As we’re going for a creative effect more than a realistic spatial one, we can get experimental with the settings without fear of making mistakes. Larger Size and Diffuse settings create reverb-like effects so we dial in judicious amounts of both. For the delay part, a repeat rate of 518ms with plenty of Regen (feedback) works a treat.

We also want a lot of modulation so we crank the Mod dial. As we reduced the width of the original sample earlier, we will want to spread out the reverb with the Width dial at the left of the plugin. This works in tandem with the Spread dial at the right, which adds different pre-delays to each side of the stereo spectrum. A little Pump helps it move.

Speaking of pumping, we really want to get this moving so next, we add a Glue Compressor to the channel and sidechain it to the main audio loop. Now the reverb effect pumps in time to the rhythm.

Guitar chords before reverb:

And after:

Step 3: Arpeggiator Synth

Next, we’re going to add an arpeggiated synth line. We also want this to have a big, atmospheric reverb but one slightly darker in tone to contrast the guitar progression. Note that we have this panned slightly to the right to help separate it from the guitar.

We start with Native Instruments’ Super 8 playing a tight synth lead triggered by Live’s Arpeggiator. We place another copy of Diffuse after it in the channel as, unlike last time, we do want it to be fairly swamped in reverb.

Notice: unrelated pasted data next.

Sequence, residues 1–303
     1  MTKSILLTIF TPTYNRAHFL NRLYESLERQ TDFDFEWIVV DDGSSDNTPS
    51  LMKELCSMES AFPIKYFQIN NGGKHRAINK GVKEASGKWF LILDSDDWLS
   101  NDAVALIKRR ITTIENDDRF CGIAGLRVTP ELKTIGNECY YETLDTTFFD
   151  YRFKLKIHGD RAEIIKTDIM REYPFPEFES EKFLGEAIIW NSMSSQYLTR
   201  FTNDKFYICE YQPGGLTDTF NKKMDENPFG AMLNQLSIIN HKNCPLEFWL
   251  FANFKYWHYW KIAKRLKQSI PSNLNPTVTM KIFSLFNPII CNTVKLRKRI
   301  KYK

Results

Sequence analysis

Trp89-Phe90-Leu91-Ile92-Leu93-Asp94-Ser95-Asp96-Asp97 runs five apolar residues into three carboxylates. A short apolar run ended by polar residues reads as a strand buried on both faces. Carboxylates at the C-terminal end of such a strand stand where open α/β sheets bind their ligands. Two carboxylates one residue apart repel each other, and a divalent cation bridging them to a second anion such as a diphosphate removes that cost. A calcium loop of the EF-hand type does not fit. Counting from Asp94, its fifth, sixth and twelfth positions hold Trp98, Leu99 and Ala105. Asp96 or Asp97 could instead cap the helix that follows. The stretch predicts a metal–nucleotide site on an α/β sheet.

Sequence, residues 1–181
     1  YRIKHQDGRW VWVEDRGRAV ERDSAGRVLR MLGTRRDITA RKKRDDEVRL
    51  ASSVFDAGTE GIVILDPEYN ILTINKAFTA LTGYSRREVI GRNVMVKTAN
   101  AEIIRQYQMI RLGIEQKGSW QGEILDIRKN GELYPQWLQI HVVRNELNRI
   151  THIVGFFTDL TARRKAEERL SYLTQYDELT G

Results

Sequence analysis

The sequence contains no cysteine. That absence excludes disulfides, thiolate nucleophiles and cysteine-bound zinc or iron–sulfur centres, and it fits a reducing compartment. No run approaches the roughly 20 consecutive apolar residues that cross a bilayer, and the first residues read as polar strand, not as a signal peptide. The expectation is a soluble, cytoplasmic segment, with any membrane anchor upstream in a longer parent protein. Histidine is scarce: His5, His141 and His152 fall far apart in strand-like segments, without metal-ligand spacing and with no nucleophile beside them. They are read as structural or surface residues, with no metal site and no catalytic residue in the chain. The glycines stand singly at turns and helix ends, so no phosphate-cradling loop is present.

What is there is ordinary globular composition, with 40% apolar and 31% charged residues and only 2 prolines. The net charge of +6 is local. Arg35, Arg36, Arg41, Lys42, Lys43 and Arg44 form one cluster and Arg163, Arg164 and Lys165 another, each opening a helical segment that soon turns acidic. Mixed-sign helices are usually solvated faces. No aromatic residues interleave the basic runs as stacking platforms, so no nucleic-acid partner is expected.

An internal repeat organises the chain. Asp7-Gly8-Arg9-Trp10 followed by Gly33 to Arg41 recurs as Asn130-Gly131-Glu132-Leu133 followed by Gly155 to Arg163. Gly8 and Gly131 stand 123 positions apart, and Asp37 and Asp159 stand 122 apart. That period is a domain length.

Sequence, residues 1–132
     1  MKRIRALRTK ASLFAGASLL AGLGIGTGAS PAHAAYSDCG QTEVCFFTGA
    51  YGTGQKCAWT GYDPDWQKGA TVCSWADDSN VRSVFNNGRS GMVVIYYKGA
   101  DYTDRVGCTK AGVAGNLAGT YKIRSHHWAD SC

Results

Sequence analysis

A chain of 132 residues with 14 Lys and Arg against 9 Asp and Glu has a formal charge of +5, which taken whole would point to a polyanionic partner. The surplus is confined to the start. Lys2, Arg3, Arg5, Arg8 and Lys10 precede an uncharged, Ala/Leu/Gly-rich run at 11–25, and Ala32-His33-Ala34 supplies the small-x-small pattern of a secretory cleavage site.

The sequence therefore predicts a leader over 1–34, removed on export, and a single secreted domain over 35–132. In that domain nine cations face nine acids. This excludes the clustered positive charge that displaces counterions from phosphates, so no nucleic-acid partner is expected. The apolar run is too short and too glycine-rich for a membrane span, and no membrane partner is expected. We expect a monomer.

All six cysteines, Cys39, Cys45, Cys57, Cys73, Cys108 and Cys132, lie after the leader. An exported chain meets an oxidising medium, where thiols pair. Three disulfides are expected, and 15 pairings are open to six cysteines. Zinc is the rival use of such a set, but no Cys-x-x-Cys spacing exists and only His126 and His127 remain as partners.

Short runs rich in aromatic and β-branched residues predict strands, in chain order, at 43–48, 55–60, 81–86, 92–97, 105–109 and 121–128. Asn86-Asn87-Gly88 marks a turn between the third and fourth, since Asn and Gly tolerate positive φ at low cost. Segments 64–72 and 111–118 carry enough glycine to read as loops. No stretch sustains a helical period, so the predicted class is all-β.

This time, we use a smaller Size but a larger Diffuse. A repeat rate of 4/32 and plenty of Regen keep things interesting. This creates a vibey, washy delay with hints of reverb. Again, we go for maximum modulation, a good amount of Pump, and full Width. We also bring in Rectify, which adds ‘80s-style digital artefacts to the signal. We can use the damping controls to lower the highs and darken the reverb, creating contrast. Finally, we dial back the mix amount to taste – around 35% works well.

Top Tip: To create this effect using stock plugins, place a reverb after a delay with an EQ at the end.

Finally, we send the signal to another send channel, this one with a copy of Modnetic loaded up with just a chorus. With its spread fully wide, this modulates and smears the synth and reverb across the stereo spectrum.

Here is the original synth:

And with reverb and additional chorus:

Step 4: Background Kalimba

For the final element, we have a nice kalimba loop, ‘JVIEWS_tonal_loop_vintage_kalimba_130_E.wav’. The original sample has plenty of lo-fi vibe and slowing it down from 130bpm to our project tempo of 106 has given it some nice, grungy artefacts, but it’s also a little hot in the mids, so we add EQ Eight to the channel and cut 6db at 1.5kHz. We pan it slightly to the left so it has its own space in the mix. Some 1/4-note volume modulation courtesy of Soundtoys Tremolator gives it a woozy feel. Tape delay would be perfect on this.

We call up another instance of Modnetic. We go with repeat settings of 366ms, a good amount of Intensity (feedback), and a little Wow to warble the echoes. Note that we’re only using one tape head this time. Modnetic can go up to three heads for denser repeats.

We plan to bury the kalimba loop in the mix and use it more as a soundbed so we really pile on the effects. We give it plenty of saturation using both the Character section (501 again) and a non-reverb impulse response in the Reverb section (Off Axis). Finally, we go with a very fast chorus. To make it blend in with the other effects, we send a little to the reverb bus.

Here is the original kalimba:

And processed:

Here is the full mix with the kalimba in the background.

Want more? Check out The Secrets of Dance Music Production, the definitive guide to dance music production brought to you by Attack Magazine.

Secrets Of Dance Music Production
The Secrets of Dance Music Production - Attack Magazine

Author Adam Douglas
9th August, 2021